Andrew: How do you do that? Yelp has a large, a high page rank with Google.
Andrew: They have a longer, their domains are older than your domain, their domain is older than all of your domains.
Andrew: They’ve got people who are on staff who are designed to just think about how to beat you, and you’re just one guy with a small office and lots of problems. What are some of the ways that you can beat Yelp? Teach other people who are trying to do it.
Ilir: Well, with natural search, I mean, Google loves the ability to present the official website for any business. If I was searching for Brothers Pizza in Brooklyn, New York, Google would much rather show you the Brothers Pizza website than their Yelp listing, no matter how much seniority Yelp has in their domain and all that good stuff. So this is one of the things that really reinforced our idea to have unique domain names for every store.
Andrew: Before then you already had unique domain names, is that right?
Ilir: We already had unique domain names but we weren’t enough on building these ‘official websites’ for these guys. Initially we were redirecting these domain names to their MyPizza.com menu page, but it wasn’t really a website or a mini-website that had directions, phone number, hours of operation and stuff like that. We realized that this is what Google really likes, so we set out to build an automated way of generating these hundreds, and now thousands of mini-websites. Thanks to our lead developer, Sam (and I’ll get into that, how I was able to hire him), we were able to generate a script that generates these websites automatically for every listing.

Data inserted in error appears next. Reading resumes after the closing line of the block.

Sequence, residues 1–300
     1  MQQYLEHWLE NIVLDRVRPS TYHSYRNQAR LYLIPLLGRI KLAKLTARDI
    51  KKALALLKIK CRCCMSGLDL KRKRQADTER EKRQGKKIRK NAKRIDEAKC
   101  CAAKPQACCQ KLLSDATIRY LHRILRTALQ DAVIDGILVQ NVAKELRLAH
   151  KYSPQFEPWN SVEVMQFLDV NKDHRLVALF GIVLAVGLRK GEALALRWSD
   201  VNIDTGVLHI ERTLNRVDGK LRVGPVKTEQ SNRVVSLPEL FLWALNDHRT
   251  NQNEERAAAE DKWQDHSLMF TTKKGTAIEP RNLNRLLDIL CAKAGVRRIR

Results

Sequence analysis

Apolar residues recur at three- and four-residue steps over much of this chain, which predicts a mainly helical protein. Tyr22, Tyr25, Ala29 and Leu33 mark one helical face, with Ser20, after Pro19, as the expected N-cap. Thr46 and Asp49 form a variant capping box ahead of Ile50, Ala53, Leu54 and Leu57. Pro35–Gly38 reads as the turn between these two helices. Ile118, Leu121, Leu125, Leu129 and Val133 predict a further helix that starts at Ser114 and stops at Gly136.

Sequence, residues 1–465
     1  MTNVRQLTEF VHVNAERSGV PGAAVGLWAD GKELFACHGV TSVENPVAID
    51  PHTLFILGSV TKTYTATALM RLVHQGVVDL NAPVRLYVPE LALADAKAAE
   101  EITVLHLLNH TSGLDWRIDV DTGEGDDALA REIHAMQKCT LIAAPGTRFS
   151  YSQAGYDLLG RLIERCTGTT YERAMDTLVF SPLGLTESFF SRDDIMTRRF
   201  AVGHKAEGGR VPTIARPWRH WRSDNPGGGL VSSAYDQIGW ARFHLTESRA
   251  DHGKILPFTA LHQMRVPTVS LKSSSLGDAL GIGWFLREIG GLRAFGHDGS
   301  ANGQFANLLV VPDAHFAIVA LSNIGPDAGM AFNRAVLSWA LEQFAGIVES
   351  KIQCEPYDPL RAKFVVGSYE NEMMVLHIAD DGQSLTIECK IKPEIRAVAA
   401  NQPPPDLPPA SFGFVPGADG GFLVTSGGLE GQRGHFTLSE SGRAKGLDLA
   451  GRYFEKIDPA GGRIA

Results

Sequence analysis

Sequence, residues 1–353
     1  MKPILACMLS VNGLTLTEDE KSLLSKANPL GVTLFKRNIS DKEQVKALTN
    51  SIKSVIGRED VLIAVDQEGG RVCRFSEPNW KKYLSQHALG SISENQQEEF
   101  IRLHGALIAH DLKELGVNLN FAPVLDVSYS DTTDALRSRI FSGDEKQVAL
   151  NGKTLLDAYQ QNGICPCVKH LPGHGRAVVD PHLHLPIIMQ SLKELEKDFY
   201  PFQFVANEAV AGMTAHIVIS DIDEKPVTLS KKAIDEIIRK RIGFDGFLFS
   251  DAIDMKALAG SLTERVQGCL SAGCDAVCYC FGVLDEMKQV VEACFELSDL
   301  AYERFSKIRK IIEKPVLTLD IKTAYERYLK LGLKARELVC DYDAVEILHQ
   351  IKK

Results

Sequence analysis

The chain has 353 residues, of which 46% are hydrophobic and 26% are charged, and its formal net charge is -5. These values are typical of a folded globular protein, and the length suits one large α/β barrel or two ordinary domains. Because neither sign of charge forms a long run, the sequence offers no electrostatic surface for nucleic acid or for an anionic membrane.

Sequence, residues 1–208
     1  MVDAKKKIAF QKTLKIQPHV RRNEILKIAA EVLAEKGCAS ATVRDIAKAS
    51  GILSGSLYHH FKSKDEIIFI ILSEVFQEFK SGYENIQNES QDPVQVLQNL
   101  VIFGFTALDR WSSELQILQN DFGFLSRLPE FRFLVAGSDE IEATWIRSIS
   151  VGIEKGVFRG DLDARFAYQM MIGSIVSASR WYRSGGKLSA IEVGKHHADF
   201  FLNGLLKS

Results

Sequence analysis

So if somebody calls right now and says, ‘I want to join as MyPizza.com as a restaurant,’ two hours from now they’ll have a website ready: domain name, phone number, menu up and everything. We’ve turned into a well-oiled machine.
Andrew: In really a matter of months; we’re talking about 18 months since the company launched. Google, though, needs to somehow know that the sites you’re creating are the official sites. How do you do it? What do you do SEO-wise to let them know this is it?
Ilir: Google will never really know which one is the official site, but they have certain characteristics that they check to see if it is the official site – they’ll check, obviously. The domain name is big so if the domain has the name of the restaurant on there, that’s big. The location needs to be tagged and needs to be recognized by Google that it’s the same location that maybe they have in the Google Places listing, for example. The phone number needs to match the original phone number of the restaurant.
And then there is so much content in these sites because of the menus, and you know, all the different pizza key words and things like that, I think it’s easy for Google to see that, hey, if a customer is searching for Brothers Pizza, they may not necessarily be looking for Yelp or CitySearch, they want the actual, you know, they want to know everything about this restaurant.
Andrew: How did you learn all of this? You don’t have a background in search engine optimization, how did you learn SEO?
Ilir: Trial and error, just trying to [??] things out.
Andrew: Just knowing this had to work, trial and error.